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Informed consent

More than a signature

Other situations

Assault and battery

  • Touching (or treating) without consent is battery.
  • Battery includes treatment beyond or deviating significantly from that for which consent was given.

Case: A serious condition is discovered
Male physician consulting elderly female


Ms. Smith presents to a plastic surgeon for an augmentation mammoplasty. While operating, Dr. Adam finds a suspicious mass in the patient's left breast.

Frozen section biopsies confirm her impression of a malignancy. Dr. Adam performs a lumpectomy to save the patient from having an additional anaesthetic.


The patient is upset to discover she has had a lumpectomy without her consent even though the final pathology confirmed a malignancy.

Lesson learned

Dr. Adam was proceeding in the medical best interests of her patient and the lumpectomy was clearly medically indicated. However, the courts have repeatedly affirmed that good intentions of a physician cannot be substituted for the will of the patient.

Only when additional or alternative treatment is immediately necessary and vital to the health and life of the patient, not merely as a matter of convenience, should a physician proceed without express consent.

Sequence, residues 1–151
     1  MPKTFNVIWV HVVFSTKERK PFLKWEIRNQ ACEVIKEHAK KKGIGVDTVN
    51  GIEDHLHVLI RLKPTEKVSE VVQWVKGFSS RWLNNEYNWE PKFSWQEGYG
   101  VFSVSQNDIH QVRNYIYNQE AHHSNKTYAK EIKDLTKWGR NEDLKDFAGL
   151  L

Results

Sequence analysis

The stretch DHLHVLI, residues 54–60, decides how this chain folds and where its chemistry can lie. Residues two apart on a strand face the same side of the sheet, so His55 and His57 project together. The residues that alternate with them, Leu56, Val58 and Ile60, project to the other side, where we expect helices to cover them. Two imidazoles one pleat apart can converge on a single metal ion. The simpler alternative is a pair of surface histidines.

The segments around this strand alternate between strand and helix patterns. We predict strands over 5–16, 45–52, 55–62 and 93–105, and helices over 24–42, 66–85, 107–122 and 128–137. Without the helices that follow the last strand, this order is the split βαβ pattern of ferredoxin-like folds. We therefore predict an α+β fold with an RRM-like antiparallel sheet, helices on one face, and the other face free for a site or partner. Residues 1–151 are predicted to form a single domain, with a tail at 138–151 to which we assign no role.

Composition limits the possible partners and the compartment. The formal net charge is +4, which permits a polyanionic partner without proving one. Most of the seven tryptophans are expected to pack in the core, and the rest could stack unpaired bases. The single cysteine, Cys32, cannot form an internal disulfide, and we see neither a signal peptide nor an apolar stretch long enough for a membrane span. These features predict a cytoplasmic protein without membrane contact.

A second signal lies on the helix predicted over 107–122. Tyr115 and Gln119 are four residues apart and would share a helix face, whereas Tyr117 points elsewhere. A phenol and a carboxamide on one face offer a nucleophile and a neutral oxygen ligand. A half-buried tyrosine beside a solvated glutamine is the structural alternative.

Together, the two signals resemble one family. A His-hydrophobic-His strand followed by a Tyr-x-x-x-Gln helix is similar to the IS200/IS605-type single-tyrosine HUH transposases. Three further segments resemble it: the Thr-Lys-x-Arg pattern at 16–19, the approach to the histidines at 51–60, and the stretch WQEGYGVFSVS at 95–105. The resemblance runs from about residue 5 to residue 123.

Patients with mental illness

Individuals with mental illnesses, including those admitted to a psychiatric facility, are capable of controlling and directing their medical care if they understand:
  • what is proposed and why
  • the risks and alternatives
  • the potential consequences of their decision

Patients who are "incapable" — Substitute decision makers

If your patient is not capable of consenting:
  • Follow the procedure for obtaining consent that is governed by legislation in your jurisdiction.
All jurisdictions have legislation (e.g. Mental Health Act or its equivalent), governing procedures for obtaining consent when a patient lacks capacity. Many jurisdictions also have legislation regarding advance directives for patients and the appointment of substitute decision makers
Substitute decision maker (SDM):  A person who is legally authorized to make decisions on behalf of the patient. This authority may be granted by the patient himself or herself with a legal document such as an advance medical directive, by legislation in each province/territory or by the courts.
 (SDM) for patients who may be unable to communicate their wishes.

An SDM can only give valid consent after receiving all the information that the patient would need before making a decision.

Sometimes it may be necessary to act when no SDM has been appointed. Physicians have often proceeded on the basis of the family's approval in such cases, but medical or legal consultation may be wise if:

  • There is disagreement among family members.
  • The proposed treatment carries significant risks.
  • There are questions or doubts about what is in the patient's "best interest."
  • There is dispute over whether or not a proposed treatment is "therapeutic."